Many commentators asked for at least a postponement, which Councilmember Blocker (Hilltop) introduced via an amendment, in spite of sponsoring the ordinance in its original form. The amendment gave a 60 day postponement to the fine enforcement to take place, but the ordinance passed posthumously. Councilmember Beale (South Tacoma) was alone in his dissent, saying that he didn’t understand why the ban should come before actually providing shelter space. Dissent is rare on Tacoma City Council, but Beale has been a stalwart advocate for housing justice and deviates more than most. 

With a collective sigh of disappointment, the housing justice folks then left, leaving mainly an assortment of city staff, environmentalists, and Puyallup Tribal members to comment on the very controversial Interim Tideflats Regulations. 

Interim Regulations are renewed every six month, and govern the Port area while a sub-area plan is developed. For those that don’t know, a sub-area plan governs what can and can’t be built, and what businesses can and can’t operate in a city. Tacoma currently has a completed sub-area plan for the Tacoma Mall, which zones for large commercial space and some high density housing. The current interim regulation at the Port of Tacoma ban new smelters, coal terminals, mining/quarrying, and refineries. However, there is a large loophole allowing fossil fuel companies that are already present to expand internally. U.S. Oil, Targa, and Puget Sound Energy’s LNG plant are examples of this, and U.S. Oil was recently purchased by a larger company that is pushing expansion.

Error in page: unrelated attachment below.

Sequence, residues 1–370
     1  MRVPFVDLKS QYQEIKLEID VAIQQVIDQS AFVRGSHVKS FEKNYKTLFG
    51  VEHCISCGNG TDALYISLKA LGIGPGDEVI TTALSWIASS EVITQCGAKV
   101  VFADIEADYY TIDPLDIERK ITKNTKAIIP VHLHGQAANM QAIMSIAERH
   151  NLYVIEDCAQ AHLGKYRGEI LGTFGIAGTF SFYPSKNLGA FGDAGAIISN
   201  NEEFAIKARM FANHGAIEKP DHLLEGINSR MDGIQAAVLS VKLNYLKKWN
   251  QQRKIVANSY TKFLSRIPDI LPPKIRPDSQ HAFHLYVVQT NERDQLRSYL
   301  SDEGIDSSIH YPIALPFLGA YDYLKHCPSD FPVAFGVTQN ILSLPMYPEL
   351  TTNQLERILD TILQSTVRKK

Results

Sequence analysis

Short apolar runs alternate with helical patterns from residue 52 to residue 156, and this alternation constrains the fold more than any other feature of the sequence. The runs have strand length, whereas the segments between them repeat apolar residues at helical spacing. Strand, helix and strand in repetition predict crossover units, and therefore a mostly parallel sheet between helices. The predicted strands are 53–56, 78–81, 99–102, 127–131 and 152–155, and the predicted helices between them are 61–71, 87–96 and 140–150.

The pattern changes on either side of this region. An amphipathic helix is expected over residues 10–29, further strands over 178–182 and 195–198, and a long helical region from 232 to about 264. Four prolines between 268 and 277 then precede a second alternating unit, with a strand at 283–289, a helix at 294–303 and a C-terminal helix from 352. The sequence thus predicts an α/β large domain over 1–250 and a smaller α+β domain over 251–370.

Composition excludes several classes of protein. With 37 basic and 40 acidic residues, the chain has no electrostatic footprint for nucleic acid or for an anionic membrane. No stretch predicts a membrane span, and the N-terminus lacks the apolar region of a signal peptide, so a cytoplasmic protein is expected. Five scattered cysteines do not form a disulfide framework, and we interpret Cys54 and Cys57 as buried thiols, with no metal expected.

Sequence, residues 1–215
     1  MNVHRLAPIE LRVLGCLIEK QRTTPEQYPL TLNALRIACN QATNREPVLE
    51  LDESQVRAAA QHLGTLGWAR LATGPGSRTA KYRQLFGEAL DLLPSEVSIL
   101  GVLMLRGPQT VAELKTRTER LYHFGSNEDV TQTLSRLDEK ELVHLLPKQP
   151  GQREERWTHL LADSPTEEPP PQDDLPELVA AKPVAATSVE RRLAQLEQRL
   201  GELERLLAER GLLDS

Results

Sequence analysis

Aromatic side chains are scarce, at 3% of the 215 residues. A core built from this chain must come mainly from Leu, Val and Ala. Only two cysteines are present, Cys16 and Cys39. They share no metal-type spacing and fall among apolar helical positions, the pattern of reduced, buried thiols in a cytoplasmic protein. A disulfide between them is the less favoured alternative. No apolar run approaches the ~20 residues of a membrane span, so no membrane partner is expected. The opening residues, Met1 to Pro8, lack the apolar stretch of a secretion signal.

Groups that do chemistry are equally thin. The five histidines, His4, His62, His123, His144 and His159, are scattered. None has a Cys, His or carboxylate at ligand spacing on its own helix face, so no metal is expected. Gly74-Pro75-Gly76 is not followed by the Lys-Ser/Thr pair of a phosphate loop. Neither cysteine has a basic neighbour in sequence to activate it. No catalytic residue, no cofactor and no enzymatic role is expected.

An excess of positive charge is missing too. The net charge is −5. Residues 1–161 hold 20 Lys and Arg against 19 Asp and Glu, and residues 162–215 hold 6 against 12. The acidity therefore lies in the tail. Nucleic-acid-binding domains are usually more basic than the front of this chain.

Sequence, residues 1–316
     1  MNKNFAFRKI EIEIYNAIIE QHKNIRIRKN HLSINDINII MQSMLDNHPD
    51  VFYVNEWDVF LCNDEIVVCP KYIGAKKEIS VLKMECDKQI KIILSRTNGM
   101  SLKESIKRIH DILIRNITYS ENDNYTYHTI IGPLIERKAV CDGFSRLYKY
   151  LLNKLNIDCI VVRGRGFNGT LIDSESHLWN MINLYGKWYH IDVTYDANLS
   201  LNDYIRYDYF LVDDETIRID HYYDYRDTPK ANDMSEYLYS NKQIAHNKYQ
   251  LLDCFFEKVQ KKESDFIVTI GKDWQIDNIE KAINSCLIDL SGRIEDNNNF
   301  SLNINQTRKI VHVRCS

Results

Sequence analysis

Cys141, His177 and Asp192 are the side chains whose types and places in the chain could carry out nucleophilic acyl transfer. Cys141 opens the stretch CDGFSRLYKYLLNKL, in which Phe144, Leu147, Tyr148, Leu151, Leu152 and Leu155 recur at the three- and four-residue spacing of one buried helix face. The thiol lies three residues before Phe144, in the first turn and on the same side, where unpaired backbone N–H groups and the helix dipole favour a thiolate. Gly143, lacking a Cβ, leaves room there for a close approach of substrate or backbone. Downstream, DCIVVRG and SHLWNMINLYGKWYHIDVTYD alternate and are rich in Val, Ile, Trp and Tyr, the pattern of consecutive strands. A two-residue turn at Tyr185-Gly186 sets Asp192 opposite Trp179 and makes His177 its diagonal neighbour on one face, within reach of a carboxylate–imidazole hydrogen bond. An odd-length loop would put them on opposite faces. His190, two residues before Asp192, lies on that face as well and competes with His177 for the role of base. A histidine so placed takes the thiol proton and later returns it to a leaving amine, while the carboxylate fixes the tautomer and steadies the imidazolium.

A separate public comment period is set aside for the interim regulations, and groups have been showing up to these for the better part of three years. A handful of labor union reps and a representative from the Port believe that no regulations are necessary, whereas environmental advocates want to end the fossil fuel expansion loophole. The city has consistently renewed the regulations unchanged, irritating both sides. The city has also barely begun the sub-area planning process. Environmental groups like 350, the Sierra Club, and the Washington Environmental Council consistently testify every month on the dangers of supporting the fossil fuel industry during a greenhouse gas crisis. The Puyallup tribe maintains that the fossil fuel industry is killing their estuary, and in violation of their treaty rights. In response to the September 20 climate strike, more youth have been present to voice their concerns. I delivered a statement from ASUWT to city council demanding a halt to fossil fuel expansion. Tacoma Public Utilities Board member Chrissy Cooley spoke last through tears, explaining that she was terrified for her daughter’s future, and frustrated that she had to spend time fighting city council instead of being with her infant daughter. On September 20, Mayor Woodards and Councilmembers Mello, Ushka, and Blocker heard the demands of the climate strikers outside of city hall. All four of them agreed to the demands of the strikers, to declare a climate emergency, update their climate action plan, and to halt fossil fuel expansion at the Port of Tacoma. Now we have to hold them to those commitments.City council agenda’s and recordings are available at the city of Tacoma’s website at https://www.cityoftacoma.org/government/city_council/ccmeetings